California Clears Way for Increased Use of Therapeutic Foster Care

California counties will now be able to offer a therapeutic treatment model in a supportive family setting through its Medi-Cal services, thanks to an agreement with the Centers for Medicare and Medicaid Services (CMS).

On February 16, CMS approved a state plan amendment that would allow the Department of Health Care Services (DHCS) to offer therapeutic foster care as an allowable expense under Medicaid.

Therapeutic foster care is a specialized treatment model aimed at providing care to children with serious emotional and behavioral issues who cannot safely remain with their birth families. Specially trained foster parents provide intensive treatment to youth with significant mental health needs in a family setting in the hopes of avoiding more restrictive out-of-home placements such as group homes and mental institutions.

Previously, California counties were unable to seek reimbursement for therapeutic foster care services with money from Early Periodic Screening, Diagnosis and Treatment, a Medicaid program that mandates funding for mental health services for low-income children and foster youths.

Nationally, therapeutic foster care has been used by a few child welfare jurisdictions, though it has been implemented more often for youth involved in the juvenile justice system. The DHCS announcement clears the way for therapeutic foster care to be offered as part of a menu of intensive services aimed at youth in the foster care system with the most significant mental health needs, as defined under the terms of the Katie A. vs. Bonta class-action lawsuit.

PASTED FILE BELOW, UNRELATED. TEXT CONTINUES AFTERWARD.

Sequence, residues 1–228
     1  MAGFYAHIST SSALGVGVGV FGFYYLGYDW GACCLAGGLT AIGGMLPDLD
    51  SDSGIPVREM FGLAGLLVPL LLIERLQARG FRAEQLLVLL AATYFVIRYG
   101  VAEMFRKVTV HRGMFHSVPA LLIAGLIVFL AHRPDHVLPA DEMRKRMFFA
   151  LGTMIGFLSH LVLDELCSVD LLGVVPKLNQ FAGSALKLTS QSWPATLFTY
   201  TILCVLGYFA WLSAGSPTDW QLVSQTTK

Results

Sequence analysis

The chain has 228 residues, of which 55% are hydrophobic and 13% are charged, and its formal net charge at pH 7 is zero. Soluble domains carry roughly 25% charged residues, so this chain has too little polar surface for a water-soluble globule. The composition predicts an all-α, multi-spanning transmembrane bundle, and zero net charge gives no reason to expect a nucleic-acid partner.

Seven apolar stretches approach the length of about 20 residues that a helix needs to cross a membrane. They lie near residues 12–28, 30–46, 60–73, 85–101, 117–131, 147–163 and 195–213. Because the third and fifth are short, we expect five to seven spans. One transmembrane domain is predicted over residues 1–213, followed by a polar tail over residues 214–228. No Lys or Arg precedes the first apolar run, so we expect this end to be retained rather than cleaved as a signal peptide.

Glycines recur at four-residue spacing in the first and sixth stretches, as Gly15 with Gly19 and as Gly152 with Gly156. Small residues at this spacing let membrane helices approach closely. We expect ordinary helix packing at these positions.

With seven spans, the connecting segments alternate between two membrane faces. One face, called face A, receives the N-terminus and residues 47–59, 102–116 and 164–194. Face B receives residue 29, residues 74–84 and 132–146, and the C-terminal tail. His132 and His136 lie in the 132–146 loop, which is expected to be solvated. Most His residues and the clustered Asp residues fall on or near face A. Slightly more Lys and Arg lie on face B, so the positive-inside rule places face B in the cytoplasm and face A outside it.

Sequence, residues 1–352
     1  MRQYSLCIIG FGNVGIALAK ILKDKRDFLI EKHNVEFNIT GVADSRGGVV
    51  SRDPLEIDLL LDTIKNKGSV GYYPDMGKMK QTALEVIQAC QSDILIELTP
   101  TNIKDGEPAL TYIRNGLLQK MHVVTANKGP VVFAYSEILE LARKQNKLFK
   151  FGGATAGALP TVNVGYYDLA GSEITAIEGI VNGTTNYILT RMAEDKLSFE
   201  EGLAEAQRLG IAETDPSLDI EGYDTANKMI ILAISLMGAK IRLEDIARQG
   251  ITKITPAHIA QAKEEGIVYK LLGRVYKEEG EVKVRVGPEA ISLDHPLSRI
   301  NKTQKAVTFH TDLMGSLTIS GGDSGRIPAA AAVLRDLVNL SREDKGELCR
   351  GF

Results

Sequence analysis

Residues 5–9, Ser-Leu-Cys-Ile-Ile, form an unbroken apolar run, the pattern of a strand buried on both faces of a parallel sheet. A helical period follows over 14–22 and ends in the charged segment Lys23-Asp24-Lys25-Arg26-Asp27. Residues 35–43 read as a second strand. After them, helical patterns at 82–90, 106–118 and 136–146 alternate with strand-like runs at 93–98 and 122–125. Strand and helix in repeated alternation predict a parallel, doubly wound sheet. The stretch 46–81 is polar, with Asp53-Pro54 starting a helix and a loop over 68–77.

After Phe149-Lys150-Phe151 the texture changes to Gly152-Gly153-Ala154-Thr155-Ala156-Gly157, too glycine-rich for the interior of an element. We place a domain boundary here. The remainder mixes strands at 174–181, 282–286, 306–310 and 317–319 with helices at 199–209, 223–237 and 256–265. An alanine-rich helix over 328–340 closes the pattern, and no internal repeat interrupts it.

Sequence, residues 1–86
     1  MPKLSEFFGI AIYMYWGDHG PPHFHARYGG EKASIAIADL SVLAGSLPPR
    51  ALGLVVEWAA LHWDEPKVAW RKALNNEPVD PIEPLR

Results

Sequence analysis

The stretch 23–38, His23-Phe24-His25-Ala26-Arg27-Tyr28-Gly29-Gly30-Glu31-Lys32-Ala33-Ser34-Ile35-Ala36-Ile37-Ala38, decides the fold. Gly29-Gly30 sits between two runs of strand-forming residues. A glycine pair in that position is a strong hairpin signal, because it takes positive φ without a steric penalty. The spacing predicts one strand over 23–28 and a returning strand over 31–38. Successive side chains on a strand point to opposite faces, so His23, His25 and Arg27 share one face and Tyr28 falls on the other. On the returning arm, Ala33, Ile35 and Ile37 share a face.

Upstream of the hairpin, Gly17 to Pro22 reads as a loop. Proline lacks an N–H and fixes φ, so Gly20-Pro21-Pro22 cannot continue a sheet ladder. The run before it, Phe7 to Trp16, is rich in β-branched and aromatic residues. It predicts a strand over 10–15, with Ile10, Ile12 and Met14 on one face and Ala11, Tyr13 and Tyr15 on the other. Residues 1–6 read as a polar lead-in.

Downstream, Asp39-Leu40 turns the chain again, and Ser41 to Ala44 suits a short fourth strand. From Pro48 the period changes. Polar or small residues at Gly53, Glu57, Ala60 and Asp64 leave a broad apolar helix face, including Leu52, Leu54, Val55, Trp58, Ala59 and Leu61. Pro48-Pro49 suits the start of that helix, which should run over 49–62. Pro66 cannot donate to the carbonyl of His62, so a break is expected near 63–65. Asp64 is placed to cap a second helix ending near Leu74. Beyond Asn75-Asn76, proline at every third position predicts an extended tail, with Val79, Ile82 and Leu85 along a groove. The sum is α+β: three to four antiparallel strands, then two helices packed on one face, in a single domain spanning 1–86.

Initially filed in 2002, the 2011 Katie A. settlement improved access to intensive and community-based mental health services for children already in California’s child-welfare system or at risk of being placed in foster care. (For more about the Katie A. settlement, check out The Chronicle’s three-part series here.)

Health Law Program Attorney Kim Lewis, who was a lead attorney on the settlement, says that therapeutic foster care fills a gap that could stabilize some youth with serious mental health needs who experience high rates of placement instability.

“[Therapeutic foster care] is an important piece that I think doesn’t exist now for some kids who blow out of foster homes and go to a group home, or go to a hospital and then go to a group home,” Lewis said. “We would hope that this could be an intervention that would avoid that trajectory.”

Several implementation issues remain to be resolved before a therapeutic foster care program can be rolled out in California’s 58 counties, including reaching agreements on the criteria for youth to be placed in a therapeutic home, required qualifications for therapeutic foster care parents and statewide licensing standards.

“Ultimately, if it’s a state-blessed Medicaid service, it’s got to be available statewide,” Lewis said. “There has to be a continuity of practice all over the state, and the service has to be the same wherever you go.”

Guidelines and rates for therapeutic foster care are expected to be finalized by the end of the year, according to advocates.

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Jeremy Loudenback, Senior Editor, The Chronicle of Social Change
About Jeremy Loudenback, Senior Editor, The Chronicle of Social Change 351 Articles
Jeremy is a West Coast-based senior editor for The Chronicle of Social Change. Reach him at

1 Comment

  1. This is potentially a move in the right direction, as long as the definition of therapeutic includes the problems faced by 15% of California children (and larger %s of foster children) who were born exposed to drugs or alcohol. Mental health and prenatal exposure issues overlap, but not all children’s mental health or developmental programs even screen for or attempt to treat the issues relating to fetal alcohol and other prenatal exposure issues. If this is another silo reform, it will miss the overlapping issues of substance use disorders, which foster care programs desperately need to pay more attention to, based on the data.

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